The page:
In any case, all this rambling really shows is the deep desire for a spiritual life even among the most “devoutly atheist”. But even if it’s all over-extrapolating silly self-indulgence — and really that is the reasonable explanation — I think a purely physical universe, devoid of the supernatural, is far, far more beautiful than a universe that reduces the profound to a farcically simple “because… god!” or “because… magic!”. I love the idea of an almost infinitely complex existence way more than one that ignores all the wonder before us and just writes it off as some incomprehensible miracle — to say nothing of finding it comforting that the universe is built around truths, rather than the whims of some “supreme being” that’s riddled with the prejudices and shortcomings of the authors that wrote about him (and appear to exist primarily to allow those authors to manipulate others and to create a power-structure that primarily benefits them). I just don’t feel any need to reduce the bits of the world I don’t understand to a myth (and find it even more frustrating when others do so to bits that I do understand!) — these incomprehensible bits fill me with profound sense of wonder and a deep desire to continue learning.



  1. Jim wrote:

    I like how Eliezer Yudkowsky puts it: “I have weighed the evidence as best I can, and I do not believe the universe to be evil, a reply which in these days is called atheism.”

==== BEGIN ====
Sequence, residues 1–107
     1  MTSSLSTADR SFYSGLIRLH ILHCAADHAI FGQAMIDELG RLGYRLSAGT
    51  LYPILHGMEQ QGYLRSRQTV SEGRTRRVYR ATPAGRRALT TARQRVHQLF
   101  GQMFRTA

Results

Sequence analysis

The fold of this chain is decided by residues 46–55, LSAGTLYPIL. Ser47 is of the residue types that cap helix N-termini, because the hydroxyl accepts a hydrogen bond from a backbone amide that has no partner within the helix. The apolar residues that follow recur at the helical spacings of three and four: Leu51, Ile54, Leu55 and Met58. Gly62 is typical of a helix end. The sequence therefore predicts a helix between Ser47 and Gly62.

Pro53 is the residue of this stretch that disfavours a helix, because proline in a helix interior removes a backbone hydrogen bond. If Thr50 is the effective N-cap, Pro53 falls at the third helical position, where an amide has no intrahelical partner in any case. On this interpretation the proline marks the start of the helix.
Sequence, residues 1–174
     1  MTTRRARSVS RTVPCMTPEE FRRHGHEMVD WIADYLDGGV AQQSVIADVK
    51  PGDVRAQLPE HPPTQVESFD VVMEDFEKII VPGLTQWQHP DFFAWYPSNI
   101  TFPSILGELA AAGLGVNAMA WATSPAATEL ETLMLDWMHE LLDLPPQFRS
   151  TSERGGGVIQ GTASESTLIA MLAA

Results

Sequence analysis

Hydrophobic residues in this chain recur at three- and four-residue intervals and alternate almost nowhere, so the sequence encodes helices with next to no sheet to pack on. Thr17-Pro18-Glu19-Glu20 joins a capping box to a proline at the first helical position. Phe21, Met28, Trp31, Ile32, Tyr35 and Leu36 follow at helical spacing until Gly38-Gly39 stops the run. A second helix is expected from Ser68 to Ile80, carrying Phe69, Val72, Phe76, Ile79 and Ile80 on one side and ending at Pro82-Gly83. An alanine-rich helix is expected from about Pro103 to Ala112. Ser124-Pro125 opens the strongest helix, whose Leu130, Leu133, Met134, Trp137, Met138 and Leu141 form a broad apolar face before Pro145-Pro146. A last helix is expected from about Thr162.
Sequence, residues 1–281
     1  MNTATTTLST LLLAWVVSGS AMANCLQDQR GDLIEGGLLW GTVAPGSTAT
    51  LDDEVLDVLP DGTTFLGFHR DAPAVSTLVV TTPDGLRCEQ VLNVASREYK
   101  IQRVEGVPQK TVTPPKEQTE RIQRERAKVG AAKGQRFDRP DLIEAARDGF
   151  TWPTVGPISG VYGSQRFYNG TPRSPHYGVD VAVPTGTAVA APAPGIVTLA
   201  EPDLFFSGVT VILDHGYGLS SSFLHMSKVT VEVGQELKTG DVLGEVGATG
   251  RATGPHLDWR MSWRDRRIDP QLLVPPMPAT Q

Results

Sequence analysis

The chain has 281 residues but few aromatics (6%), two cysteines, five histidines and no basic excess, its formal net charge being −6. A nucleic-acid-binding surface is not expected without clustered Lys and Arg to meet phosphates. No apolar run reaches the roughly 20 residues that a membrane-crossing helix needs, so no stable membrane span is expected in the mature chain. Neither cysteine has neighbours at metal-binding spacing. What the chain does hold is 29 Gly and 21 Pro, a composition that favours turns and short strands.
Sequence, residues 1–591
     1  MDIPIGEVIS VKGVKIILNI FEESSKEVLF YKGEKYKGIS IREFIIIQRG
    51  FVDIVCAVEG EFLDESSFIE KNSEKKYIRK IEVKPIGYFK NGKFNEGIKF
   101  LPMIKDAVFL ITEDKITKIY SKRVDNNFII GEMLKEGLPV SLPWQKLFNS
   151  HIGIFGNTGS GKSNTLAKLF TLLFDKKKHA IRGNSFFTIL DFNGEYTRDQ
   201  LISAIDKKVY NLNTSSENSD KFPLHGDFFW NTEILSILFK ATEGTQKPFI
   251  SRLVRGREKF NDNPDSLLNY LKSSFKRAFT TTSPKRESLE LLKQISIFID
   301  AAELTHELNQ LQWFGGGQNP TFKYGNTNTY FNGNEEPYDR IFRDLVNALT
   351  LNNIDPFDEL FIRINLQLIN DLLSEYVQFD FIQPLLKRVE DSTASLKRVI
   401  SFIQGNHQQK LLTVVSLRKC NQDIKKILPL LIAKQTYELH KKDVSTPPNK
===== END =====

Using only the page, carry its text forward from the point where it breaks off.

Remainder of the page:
It irks me to no end when the scientist’s sense of awe and wonder at the universe is confused with the wide-eyed credulity of the woo-believer — especially since reality is so much more complex and subtle than the stories humans make up about it. Take the interconnectedness you mentioned before, for example. The uncritical mystic might say “all life is connected” and leave it at that, comfortable with a mystery vague enough that it might mean anything (or nothing). Or “god did it”, and then go on to describe a god that looks remarkably like we do, because it’s too frightening to deal with a universe that doesn’t wear a human face.

    Now compare with an evolutionary view, spanning eons: everything that lives now, at least on Earth, came from something else living, which came from something else, so on back to the earliest forms of life. In a sense, every organism on the planet is part of a single living being, four billion years long — a great tree growing upwards in time, with its roots in the deep past and each of us one of its leaves. Its branches fork and twine about in a fractal mesh more intricate than anything a merely human craftsman could devise. I’ll never understand the sort of mind that can’t appreciate a thing like that.

    Monday, February 25, 2013 at 6:33 pm | Permalink
  2. yes

    Sunday, March 3, 2013 at 2:10 pm | Permalink
Wow Shannon, that's really annoying! What is it, 1997 on Geocities? Retroweb is NOT cool!